He said the responsibility ultimately rested with him and promised to help support and protect victims, while vowing to overhaul the WHO’s structure and culture.

WHO Africa regional director Matshidiso Moeti also apologised to those who suffered “because of the actions of our staff”.

She said she was “humbled, horrified and heartbroken” by the inquiry’s findings.

The commission said it found “clear structural failures and unpreparedness to manage the risks of incidents of sexual exploitation and abuse” in the central African country.

It said this was partly because of the focus on eradicating Ebola.

More than 2,000 people died in the Ebola outbreak in DR Congo.

The WHO, which spearheaded global efforts to curb the spread of the outbreak, declared it over in June last year.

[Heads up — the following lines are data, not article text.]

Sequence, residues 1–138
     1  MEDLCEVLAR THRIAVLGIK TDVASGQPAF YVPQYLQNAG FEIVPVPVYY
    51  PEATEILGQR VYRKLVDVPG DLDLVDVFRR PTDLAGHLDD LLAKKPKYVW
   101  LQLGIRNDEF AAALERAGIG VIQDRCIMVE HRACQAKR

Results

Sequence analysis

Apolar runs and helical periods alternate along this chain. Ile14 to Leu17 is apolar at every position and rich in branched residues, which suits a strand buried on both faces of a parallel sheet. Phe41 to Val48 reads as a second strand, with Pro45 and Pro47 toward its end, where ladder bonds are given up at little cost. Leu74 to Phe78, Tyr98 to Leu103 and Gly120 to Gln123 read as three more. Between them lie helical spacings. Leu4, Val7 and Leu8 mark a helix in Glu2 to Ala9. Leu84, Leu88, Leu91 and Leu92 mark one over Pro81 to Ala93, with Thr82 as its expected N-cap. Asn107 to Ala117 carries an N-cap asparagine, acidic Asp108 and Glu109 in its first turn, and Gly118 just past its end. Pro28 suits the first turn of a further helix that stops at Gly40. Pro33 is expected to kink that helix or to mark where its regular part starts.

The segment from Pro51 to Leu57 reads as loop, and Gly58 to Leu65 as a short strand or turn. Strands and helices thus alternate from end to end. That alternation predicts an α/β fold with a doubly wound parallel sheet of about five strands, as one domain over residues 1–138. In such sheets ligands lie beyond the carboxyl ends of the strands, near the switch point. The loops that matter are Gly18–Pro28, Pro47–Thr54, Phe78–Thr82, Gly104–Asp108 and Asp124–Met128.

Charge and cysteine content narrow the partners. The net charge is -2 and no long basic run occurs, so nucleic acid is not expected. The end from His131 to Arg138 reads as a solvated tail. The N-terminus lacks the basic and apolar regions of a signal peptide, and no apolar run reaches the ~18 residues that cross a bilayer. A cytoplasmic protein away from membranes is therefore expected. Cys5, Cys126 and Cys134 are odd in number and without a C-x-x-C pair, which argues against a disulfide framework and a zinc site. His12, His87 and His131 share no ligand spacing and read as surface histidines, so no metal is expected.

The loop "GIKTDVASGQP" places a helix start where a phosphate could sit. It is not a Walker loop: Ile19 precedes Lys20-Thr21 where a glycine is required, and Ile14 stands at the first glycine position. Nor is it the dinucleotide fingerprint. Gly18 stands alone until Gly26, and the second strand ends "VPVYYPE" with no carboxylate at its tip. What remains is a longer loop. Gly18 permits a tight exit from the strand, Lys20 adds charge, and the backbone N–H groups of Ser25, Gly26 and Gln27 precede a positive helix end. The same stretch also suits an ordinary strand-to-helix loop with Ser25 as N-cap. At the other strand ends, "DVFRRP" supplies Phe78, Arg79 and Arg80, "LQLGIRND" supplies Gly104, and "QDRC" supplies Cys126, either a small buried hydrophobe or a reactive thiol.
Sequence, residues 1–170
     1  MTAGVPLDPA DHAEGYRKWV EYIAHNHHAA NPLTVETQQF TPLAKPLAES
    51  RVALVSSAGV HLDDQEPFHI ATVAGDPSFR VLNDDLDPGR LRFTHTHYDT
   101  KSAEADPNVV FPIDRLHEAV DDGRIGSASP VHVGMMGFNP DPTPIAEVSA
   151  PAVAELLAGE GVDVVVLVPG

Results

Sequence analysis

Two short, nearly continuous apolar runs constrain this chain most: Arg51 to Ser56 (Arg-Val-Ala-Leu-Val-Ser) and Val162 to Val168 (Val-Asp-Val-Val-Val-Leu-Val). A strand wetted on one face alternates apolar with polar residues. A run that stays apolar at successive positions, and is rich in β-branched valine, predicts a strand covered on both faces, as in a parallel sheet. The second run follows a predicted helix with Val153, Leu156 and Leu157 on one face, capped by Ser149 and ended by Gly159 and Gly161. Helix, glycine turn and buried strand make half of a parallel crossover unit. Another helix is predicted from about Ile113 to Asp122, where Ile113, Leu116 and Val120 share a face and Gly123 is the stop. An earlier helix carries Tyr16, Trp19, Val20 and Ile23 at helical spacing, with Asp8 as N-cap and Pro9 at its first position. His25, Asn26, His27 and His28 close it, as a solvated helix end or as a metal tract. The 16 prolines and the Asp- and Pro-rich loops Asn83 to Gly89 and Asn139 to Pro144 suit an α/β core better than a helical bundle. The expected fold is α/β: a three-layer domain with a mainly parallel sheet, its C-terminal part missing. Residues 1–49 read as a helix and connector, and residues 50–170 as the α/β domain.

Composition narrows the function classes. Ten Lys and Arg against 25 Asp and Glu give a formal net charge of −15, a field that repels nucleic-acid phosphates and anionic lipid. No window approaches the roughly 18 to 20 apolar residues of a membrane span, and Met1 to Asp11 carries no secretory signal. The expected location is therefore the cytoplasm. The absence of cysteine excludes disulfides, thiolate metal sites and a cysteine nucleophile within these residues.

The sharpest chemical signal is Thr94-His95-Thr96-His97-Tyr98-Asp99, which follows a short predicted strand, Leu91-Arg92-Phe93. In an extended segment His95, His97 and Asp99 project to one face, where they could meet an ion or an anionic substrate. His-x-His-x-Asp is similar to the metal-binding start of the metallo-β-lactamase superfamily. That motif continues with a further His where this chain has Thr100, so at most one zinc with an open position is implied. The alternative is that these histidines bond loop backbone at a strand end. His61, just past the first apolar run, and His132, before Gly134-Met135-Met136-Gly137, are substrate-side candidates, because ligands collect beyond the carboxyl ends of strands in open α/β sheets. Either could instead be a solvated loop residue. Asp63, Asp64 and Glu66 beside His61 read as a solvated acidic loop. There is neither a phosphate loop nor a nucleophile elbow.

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Police suspect foul play in Swedish apartment building explosion | Sweden News

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Up to 20 people were injured as an explosion in Gothenburg set ablaze an apartment block in a central residential area.

A powerful explosion has rocked an apartment building in the Swedish city of Gothenburg, setting off multiple fires, injuring up to 20 people and forcing the evacuation of hundreds.

The explosion took place just before 5am (03:00 GMT) on Tuesday in the Annedal district in Sweden’s second-largest city. Flames spread to several apartments, and fire department crews were still working to extinguish the flames mid-morning.

Jon Pile, operations manager at the local rescue service, told reporters it appeared the explosion took place in the building’s inner courtyard, which had its entry gate blown away. He added some people jumped out of their windows to escape.